By Douglas Feiden
Tread lightly when it comes to the varied architectural, historical and commercial splendors of Sag Harbor’s Main Street. Or don’t tread at all.
That was the message from the Board of Historic Preservation and Architectural Review on Thursday, June 9, when it turned thumbs-down on a marketing sign proposed for a signature bank building in the business district — and then nixed a window-replacement project proposed for a “Captains Row” mansion 500 feet away.
In recent months, the ARB has repeatedly been sending the no-go or go-slow signal to property owners who apply to expand, alter, demolish, rejigger or otherwise transform dwellings and other structures in the village’s historic district. Now, board members seem to be taking that tougher approach to smaller scale, less intrusive and lower-intensity projects.
Consider the application of the Apple Bank for Savings, at 138 Main Street, for a Certificate of Appropriateness, which is needed to obtain village building permits and that would allow it to place a new sign within the arched glass window panels on its façade bearing two simple words: “Free Checking.”
“Our marketing department saw this as an opportunity to advertise one of our products,” said Tom Rickenbach, the Apple Bank representative.
Each letter panel would be red, the letters would be white and the individual panels, roughly 15 inches wide by 10 inches high, would “fasten to the glass and can easily be removed,” according to the bank’s submission.
“Honestly, I’m not comfortable with it,” said Bethany Deyermond, an ARB member.
“There’s a sense I think among all of us that it is too vivid and too big,” added Anthony Brandt, the board’s chairman. “It has an effect on the streetscape that I don’t think we’d want to see.”
Formerly the Sag Harbor Savings Bank, the two-story, three-bay brick Classical Revival-style bank building, built in 1910, boasts a classical pediment, limestone columns and a one-story addition in the same style, according to 1994 documentation for the National Register of Historic Places.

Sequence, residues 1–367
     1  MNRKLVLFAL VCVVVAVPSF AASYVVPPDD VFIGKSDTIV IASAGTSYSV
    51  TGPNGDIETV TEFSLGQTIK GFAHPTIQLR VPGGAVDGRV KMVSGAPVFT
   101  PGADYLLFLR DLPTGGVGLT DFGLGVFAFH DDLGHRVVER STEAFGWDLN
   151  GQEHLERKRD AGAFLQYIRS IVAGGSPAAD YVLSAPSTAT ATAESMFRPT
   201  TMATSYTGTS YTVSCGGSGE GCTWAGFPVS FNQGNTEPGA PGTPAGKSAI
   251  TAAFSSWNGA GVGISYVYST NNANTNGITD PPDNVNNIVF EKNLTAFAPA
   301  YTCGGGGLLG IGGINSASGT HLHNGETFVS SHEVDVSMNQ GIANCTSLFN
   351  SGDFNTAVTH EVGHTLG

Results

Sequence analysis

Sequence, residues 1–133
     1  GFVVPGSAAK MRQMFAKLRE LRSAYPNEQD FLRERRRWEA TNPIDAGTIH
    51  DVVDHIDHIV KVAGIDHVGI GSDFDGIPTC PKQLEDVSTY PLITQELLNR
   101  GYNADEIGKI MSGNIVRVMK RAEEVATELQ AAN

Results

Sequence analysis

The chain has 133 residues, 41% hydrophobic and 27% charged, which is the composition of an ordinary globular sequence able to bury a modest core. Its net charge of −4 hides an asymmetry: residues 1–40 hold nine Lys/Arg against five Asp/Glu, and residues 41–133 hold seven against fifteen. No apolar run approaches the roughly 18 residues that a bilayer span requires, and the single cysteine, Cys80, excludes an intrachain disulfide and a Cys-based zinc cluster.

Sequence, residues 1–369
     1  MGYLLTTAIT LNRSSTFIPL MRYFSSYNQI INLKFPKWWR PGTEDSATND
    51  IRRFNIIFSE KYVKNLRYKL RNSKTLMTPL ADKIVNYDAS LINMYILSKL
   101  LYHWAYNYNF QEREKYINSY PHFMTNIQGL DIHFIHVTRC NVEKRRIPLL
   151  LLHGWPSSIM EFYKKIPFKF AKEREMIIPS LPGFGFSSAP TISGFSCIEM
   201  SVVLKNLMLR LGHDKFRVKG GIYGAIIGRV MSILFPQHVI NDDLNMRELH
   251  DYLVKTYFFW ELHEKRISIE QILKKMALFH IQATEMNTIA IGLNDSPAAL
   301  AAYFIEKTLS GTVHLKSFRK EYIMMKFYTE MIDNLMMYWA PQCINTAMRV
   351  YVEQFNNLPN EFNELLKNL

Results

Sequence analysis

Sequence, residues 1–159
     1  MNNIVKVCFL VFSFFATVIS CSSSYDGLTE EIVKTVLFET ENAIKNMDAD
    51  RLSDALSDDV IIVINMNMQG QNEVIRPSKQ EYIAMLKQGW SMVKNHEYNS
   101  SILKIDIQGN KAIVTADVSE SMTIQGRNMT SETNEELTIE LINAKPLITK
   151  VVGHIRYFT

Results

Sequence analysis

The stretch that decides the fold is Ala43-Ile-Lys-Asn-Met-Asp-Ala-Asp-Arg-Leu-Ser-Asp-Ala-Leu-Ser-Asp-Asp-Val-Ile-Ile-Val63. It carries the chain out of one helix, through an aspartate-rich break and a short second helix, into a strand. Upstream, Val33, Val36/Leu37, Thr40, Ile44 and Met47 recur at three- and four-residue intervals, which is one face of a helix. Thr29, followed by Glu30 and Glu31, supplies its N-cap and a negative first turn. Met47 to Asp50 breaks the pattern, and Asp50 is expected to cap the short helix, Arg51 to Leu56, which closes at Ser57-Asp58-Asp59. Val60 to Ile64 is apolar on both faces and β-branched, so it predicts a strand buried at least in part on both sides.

The old savings bank bought the lot at the northwest corner of Main and Spring streets, the site for half a century of the Harris Bakery Shop, for $10,000, and then spent another $25,775 to construct its headquarters there, according to “Sag Harbor: The Story of an American Beauty,” by longtime village historian Dorothy Ingersoll Zaykowski.
Among the venerable East End names appearing in business directories as past presidents or board members of the old bank are a Huntting, Fithian, Topping, Parsons, Pierson, Hedges, Halsey, Douglas, Sherry, Nickerson and Woodbridge, the 1991 book says.
The proposed signage, Mr. Brandt said, “doesn’t work with a traditional bank building.”
“If that’s the consensus of the board then we’ll certainly abide by it,” Mr. Rickenbach said. It was indeed the consensus.
The ARB also considered an application to replace all the exterior windows on the first and second floors of 191 Main Street, a two-and-a-half story, three-bay frame residence with six-over-six light wooden sash windows that was built between 1840 and 1850 and served as the First Presbyterian Church Manse from 1893 to 1953, according to a plaque on the house.
Architect Victor Famulari, referring to his client, homeowner Norma Smith, said, “She is proposing replacement windows that are similar or identical in profile, however, she’s requesting that the outside of the windows be either aluminum or vinyl.”
Board members pointed out that the windows appeared to be the originals and seemed in pretty good shape, and that the property, a former captain’s home on Main Street directly across the street from the Custom House, was one of the treasures of the Historic District.
“This is old, old glass, and these are historic windows that have to be preserved,” said ARB alternate member Judith Long. And not only the glass, but also the wood and the entire window structure has to be retained, added board member Christopher Leonard.
“So here’s the story: Nobody here wants to approve these windows,” Mr. Brandt said.
“That’s going to be bad news for her,” said Mr. Famulari, arguing that the windows are “falling apart and can’t be cleaned.” But ARB members disputed that point, saying the windows appeared to be in good condition.
Not all the board’s decisions on Main Street projects involved uttering the word, “No!” Ms. Smith had also sought permission to add a stucco finish to an existing brick chimney, and the ARB approved that portion of her application.
And the board also gave the green light to a proposal from Julie Silcox, the owner of 265 Main Street, a 1900 Victorian home with a portico and clapboard wall cladding, to renovate the existing house, relocate a pool and add a side addition.